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The Turing Option (The Turing Option #1)

3.62  ·  Rating Details  ·  357 Ratings  ·  26 Reviews
Mind meets microchip as a brilliant young genius develops a machine capable of spontaneous thought. Before he can perfect the machine, terrorists steal his research and put a bullet through his brain. Miraculously revived by methods he pioneered, he must find his lost memory and discover who is trying to kill him.
Paperback, 409 pages
Published October 1st 1993 by Grand Central Publishing (first published August 1st 1992)
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Riku Sayuj
Nov 22, 2011 Riku Sayuj rated it it was amazing
I think this was the book that tuned me from a technophobe to a geek.
Apr 06, 2010 kat rated it it was ok
This is one of the books that got me interested in studying AI. Now that I reread it, knowing more about the technology, it comes off as a little silly. A pleasant enough read and contains a good layman's intro to some aspects of Minsky and AI. Pretty good speculation for its time, but dated in some strange and amusing ways. I've always liked Harrison, and even though this isn't his strongest book, it does have its moments. Will sadly have to be relegated to the list entitled "books that were wa ...more
Bill Shears
An excerpt from "Dark Streets," the suspense column I do for Night Owl Reviews: "In our first "Dark Streets" column we mentioned how pan-genre suspense stories are. Since then we've been reading around for an excellent example of a science fiction with the power to grip that has little to so with its technology or way out setting.

We thought we had a likely candidate in The Turing Option by Harry Harrison and Marvin Minsky but it turns out not to be so. This one has an intriguing premise, especi
William Bentrim
Jan 06, 2011 William Bentrim rated it really liked it
The Turing Option by Harry Harrison and Marvin Minsky

True artifical intelligence is within reach when Brian Delaney, prodigy, is left for dead and his life’s work is stolen. The ensuing search for the dastardly villains (truly dastardly) and recreation of his work is the thrust of the book.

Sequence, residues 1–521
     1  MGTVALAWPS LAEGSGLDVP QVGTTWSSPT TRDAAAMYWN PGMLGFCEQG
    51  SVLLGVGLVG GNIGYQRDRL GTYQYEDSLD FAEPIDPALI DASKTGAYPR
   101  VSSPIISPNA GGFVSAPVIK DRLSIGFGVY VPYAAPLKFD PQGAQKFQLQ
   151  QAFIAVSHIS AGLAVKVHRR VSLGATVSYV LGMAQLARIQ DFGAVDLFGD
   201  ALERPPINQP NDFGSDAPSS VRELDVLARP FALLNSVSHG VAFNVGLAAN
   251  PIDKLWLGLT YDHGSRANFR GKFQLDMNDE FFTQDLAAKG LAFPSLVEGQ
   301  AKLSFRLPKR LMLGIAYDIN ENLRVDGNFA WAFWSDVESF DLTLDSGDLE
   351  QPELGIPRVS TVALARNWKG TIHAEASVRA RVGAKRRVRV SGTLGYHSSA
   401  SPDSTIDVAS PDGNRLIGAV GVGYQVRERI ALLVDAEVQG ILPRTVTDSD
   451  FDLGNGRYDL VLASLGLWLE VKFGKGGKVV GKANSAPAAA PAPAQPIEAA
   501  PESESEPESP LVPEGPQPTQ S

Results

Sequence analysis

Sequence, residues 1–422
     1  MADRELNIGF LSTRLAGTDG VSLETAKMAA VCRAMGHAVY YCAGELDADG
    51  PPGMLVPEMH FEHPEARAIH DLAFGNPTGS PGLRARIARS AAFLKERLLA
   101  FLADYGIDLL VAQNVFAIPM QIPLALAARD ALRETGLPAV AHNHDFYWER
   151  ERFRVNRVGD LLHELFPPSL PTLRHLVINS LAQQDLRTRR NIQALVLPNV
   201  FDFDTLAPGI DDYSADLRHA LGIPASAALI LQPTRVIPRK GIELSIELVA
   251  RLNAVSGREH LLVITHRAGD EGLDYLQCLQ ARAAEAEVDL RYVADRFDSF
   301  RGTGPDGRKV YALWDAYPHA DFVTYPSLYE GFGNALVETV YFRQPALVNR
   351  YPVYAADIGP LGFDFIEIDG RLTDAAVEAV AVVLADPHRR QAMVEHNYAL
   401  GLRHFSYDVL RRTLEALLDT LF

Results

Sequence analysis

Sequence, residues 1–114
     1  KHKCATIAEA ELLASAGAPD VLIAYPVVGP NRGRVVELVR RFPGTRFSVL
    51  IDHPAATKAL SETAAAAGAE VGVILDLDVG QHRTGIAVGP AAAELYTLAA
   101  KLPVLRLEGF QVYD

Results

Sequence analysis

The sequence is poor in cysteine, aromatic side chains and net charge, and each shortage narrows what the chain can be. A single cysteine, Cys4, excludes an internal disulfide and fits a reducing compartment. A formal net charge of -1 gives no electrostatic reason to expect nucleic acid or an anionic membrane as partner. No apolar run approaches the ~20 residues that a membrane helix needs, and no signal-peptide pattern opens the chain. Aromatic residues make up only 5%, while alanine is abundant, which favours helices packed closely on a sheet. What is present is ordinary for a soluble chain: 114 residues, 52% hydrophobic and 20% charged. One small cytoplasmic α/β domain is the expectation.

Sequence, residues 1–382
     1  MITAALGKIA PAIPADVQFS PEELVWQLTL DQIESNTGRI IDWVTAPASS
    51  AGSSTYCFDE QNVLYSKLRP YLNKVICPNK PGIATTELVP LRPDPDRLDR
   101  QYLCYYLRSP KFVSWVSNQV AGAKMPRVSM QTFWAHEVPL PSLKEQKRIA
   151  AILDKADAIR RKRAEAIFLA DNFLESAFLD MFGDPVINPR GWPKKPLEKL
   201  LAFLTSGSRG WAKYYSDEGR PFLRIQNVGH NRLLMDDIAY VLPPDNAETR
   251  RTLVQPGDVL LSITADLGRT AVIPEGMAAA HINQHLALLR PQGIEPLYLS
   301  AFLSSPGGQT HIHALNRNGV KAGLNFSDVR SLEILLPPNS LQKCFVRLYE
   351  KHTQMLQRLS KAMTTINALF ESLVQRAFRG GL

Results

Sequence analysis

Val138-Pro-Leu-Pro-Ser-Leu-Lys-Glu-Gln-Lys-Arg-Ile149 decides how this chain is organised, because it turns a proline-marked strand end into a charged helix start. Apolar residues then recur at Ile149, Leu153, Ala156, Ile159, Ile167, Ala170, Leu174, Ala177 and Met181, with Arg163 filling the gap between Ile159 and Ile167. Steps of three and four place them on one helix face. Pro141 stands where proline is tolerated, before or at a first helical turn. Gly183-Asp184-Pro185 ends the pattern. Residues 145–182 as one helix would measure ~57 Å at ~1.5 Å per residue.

Brian Delaney is not very likeable but his life was not started a foundation of love and trust. This may be a prime example of love and nurture’s difficulty in overcoming early abusive situations.

The copyrig
Un roman écrit en 1992 qui prédisait avec une étonnante précision les évolutions technologique qui ont eu lieu depuis. Les détails techniques sont justes, ou au moins crédibles pour les domaines où je ne suis pas moi-même compétent. À part cette surprise, et quelques réflexions intéressantes mais pas révolutionnaire sur la nature de l'intelligence et de l'esprit (humain ou non), on a là un bon roman d'action à l'américaine, plein de clichés et sans véritable originalité.
Intéressant d'un point de
Feb 18, 2009 David rated it really liked it
Shelves: read-1993
In 1993, this was my favorite book. It would be interesting to re-read it now.
Leonardo Etcheto
Aug 31, 2012 Leonardo Etcheto rated it liked it
A strange blend on optimism, paranoia and thriller. I always find it fascinating how in some novels, there is not a single “normal” person in the whole book. Here everyone is very driven, emotionally damaged, highly inflexible or all three. Some of the passages get really technical, to the detriment of the story flow in my opinion, especially all the gee-whiz brain surgery/computer implant stuff.
The basic idea: a leading edge AI researcher gets all his research stolen and is almost killed in th
Jul 05, 2015 Richp rated it really liked it
This book really clicked with me, and over a holiday weekend I polished off within 26 hours, and that is with my reading speed far slower than it was 40 years ago. It fits into the genres of science fiction, crime thriller, and spy thriller. It is the best of the thriller novels I've read lately, and doesn't do too badly as SF. (I am not that much into thriller, much more into SF and slower paced crime fiction.)
Jan 12, 2016 Katie rated it liked it
Hmmmm. Half of me really liked this book, it's always great when hard sci fi books have some heart. This book did a great job of getting you into the characters. It was to long though, very redundant. Half of this book could have been snipped and been better for it. That being said, even having been written in the 90's it had some great and creative ideas.